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The BCERF program on the Cancer Risks of Environmental Chemicals in the Home and Workplace closed on March 31, 2010. No further updates will be made to this web site. Please go Cornell University’s eCommons web site to access BCERF’s archived research and educational materials (

Interpreting Cancer Risk

Active ingredients

The EPA evaluates chemical carcinogenicity using data from many types of studies.

  • Most of the cancer risk information currently available is in the form of scientific results from studies of laboratory animals, such as rats or mice.
  • Other types of laboratory studies done at a smaller scale, such as individual cells, provide information about a chemical's ability to damage DNA or promote tumor growth.
  • Results from studies of groups of people exposed to certain chemicals, such as in the workplace or a community, may provide additional valuable information about a chemical's potential to cause cancer.

For many chemicals, however, no human data are available, so we must rely on data from laboratory and animal studies. Information on the species of laboratory animal tested, and the tumor types observed, provides some information about the extent to which the chemical may be carcinogenic. This information is just part of the total information EPA uses to estimate cancer risk. Other information from human studies and laboratory analyses is not currently available from EPA for use in the Turf Pesticides and Cancer Risk database.

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EPA's cancer risk classification systems and categories

In classifying the cancer risk of a particular chemical, EPA uses a combination of all of these types of evidence to arrive at a cancer risk category. EPA's cancer risk assessment methods have changed over the years to accommodate new scientific understanding. As a result, the four EPA cancer risk classification systems cannot be combined or used interchangeably due to the different methods used.

Pesticide products

Cancer risk categories do not apply directly to pesticide products. Rather, cancer risk information pertaining to the product's active ingredient(s) can be used in combination with other information to estimate potential risk.

  • Estimating the cancer-causing potential of a specific pesticide product involves many factors, such as the amount of active ingredient contained in the product, the application methods and rates used, proper use of personal protective equipment, and frequency and degree of exposure to the pesticide over time.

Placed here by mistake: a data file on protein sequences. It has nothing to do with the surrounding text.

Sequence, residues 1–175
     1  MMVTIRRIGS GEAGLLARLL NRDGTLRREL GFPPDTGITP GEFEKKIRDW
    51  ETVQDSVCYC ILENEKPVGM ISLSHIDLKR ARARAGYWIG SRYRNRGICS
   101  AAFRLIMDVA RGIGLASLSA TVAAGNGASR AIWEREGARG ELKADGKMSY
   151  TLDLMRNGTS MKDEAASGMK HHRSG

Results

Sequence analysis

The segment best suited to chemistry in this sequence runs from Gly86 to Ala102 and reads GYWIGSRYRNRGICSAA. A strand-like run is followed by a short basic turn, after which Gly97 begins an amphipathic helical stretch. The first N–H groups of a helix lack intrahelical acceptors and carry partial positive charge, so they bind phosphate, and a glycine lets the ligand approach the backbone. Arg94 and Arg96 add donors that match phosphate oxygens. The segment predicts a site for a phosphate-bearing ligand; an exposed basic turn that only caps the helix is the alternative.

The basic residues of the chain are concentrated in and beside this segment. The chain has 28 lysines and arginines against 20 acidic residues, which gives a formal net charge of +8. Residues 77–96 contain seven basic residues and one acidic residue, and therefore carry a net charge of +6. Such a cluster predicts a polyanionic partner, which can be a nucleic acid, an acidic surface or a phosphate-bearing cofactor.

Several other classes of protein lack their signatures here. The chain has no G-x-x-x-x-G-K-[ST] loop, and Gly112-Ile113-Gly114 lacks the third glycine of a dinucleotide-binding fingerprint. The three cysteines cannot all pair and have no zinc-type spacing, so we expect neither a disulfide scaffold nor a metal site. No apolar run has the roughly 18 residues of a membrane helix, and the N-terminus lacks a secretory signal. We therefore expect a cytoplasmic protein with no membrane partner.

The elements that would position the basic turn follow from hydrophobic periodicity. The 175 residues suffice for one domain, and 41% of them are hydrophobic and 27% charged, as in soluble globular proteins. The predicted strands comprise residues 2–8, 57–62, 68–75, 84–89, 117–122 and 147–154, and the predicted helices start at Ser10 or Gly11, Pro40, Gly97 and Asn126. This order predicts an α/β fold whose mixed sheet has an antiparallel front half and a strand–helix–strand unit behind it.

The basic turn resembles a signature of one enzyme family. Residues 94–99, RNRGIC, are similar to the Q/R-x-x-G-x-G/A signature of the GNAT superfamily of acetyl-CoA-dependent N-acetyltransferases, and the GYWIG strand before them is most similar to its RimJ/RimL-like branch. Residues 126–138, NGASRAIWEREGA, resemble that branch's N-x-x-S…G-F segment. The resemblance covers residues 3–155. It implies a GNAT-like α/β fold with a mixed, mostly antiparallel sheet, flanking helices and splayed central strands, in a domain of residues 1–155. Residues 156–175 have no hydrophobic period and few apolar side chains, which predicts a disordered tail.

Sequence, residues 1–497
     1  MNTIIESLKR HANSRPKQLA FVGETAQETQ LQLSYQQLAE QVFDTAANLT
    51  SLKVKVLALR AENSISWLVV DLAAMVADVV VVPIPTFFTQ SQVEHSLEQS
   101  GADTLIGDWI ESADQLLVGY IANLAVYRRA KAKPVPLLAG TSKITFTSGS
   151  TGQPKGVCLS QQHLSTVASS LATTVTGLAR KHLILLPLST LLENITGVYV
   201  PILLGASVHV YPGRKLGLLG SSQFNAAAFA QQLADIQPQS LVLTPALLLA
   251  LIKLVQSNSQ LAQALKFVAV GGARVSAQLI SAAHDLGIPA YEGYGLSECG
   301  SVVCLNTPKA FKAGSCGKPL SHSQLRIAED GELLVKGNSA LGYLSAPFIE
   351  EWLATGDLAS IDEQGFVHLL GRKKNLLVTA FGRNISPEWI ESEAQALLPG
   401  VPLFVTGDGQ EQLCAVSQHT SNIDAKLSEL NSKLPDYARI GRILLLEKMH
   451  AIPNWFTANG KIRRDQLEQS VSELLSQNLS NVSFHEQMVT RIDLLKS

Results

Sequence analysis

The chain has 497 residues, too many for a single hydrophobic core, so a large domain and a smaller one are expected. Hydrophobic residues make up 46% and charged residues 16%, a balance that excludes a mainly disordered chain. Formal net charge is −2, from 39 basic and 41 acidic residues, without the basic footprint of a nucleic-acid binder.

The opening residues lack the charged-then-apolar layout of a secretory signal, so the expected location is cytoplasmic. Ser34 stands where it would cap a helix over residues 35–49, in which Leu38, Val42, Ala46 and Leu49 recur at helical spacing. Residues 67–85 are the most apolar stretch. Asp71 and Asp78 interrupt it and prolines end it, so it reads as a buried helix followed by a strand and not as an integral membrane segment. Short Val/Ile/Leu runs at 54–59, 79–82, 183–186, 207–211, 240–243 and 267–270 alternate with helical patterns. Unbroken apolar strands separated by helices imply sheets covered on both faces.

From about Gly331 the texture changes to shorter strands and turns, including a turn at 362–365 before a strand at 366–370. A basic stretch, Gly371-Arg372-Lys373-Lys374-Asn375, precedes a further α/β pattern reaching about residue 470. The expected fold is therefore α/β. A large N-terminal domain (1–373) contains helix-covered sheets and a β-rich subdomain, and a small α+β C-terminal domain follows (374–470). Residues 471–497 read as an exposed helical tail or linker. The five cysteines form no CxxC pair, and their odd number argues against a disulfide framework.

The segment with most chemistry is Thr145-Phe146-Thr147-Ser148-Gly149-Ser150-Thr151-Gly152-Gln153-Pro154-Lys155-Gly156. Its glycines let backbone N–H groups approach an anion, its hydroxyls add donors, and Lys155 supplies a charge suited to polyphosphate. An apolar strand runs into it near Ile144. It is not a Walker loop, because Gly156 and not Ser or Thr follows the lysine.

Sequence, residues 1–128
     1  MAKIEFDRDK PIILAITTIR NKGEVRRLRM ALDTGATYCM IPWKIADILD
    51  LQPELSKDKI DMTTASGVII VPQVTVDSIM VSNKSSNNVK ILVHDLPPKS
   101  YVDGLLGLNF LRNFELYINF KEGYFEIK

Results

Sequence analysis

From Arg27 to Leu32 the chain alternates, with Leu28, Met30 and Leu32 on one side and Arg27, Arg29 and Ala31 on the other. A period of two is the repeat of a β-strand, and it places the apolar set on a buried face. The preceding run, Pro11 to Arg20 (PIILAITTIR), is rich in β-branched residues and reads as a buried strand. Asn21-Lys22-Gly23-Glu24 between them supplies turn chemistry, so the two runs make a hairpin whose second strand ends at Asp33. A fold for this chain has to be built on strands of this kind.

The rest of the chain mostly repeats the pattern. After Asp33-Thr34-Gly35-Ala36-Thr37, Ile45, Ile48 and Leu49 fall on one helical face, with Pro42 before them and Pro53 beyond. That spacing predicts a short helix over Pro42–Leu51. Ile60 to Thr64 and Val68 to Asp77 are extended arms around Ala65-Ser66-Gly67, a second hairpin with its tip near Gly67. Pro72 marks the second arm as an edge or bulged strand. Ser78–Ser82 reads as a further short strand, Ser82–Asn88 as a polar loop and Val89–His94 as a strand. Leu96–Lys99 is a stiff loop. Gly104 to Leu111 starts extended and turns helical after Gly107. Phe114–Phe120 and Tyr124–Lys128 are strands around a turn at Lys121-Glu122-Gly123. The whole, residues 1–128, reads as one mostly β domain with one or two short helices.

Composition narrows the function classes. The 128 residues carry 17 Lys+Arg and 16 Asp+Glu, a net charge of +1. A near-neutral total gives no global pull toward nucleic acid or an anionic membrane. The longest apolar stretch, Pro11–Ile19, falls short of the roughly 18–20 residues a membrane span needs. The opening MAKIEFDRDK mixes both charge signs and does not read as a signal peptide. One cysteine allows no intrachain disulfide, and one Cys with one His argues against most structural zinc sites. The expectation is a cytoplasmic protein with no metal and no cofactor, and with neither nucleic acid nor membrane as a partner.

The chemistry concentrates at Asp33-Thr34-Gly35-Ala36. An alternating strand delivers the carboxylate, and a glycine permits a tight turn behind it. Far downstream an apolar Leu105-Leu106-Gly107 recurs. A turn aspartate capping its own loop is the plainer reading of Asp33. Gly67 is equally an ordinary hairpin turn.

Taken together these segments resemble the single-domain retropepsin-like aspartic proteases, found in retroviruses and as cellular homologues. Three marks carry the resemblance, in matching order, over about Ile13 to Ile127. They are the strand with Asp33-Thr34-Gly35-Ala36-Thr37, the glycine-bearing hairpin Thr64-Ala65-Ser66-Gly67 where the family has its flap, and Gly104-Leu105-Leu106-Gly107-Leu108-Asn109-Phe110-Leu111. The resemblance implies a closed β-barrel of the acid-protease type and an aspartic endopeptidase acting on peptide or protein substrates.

• Current federal pesticide labeling laws require pesticide manufacturers to include only acute (short-term), and not chronic (long-term) health risk information on pesticide labels. Therefore, product-specific cancer risk information is not available.
  • Some states, such as California and Massachusetts, require that pesticides sold in those states carry labels specifying whether or not the product's active ingredients have been identified as health hazards, such as carcinogens, reproductive toxins, etc. Other states may include this information on their labels as well.
  • Current federal law requires that only active ingredients be listed on a pesticide product label. The names and health hazards of other substances in the product, called "inert" or "other" ingredients, are not required to be listed on the product label. Therefore, because this information is not publicly available, the cancer risks associated with inert / active ingredients contained in pesticide turf grass products could not be included in this database. Only cancer risk information on active ingredients is included.

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Using RED documents and other pesticide review information

Re-registration Eligibility Decision, or 'RED', documents are risk assessment reports done by EPA to determine whether or not to continue the registration of older pesticide products. Older pesticides (those first registered before 1984) must be re-evaluated by EPA to ensure that they meet current health and safety standards. RED documents are publicly available and are included in the Turf Pesticides and Cancer Risk database, providing valuable health risk information. There are many pesticides in need of re-evaluation, and not all can be done at once. The re-registration process will take years to complete. Those older pesticides whose uses include food crops have been given priority in this process.

Review of all pesticides is now done as part of the EPA's Registration Review process. This process, which took effect October 10, 2006, was established to ensure that all pesticides distributed and sold in the U.S. (not just older pesticides or those used on food crops) will be re-evaluated on a periodic basis to ensure they meet current health and safety standards. For more information, see Pesticide Registration. As pesticides are reviewed as part of this process, risk information will be added to the Turf Pesticides and Cancer Risk Database as it becomes available.

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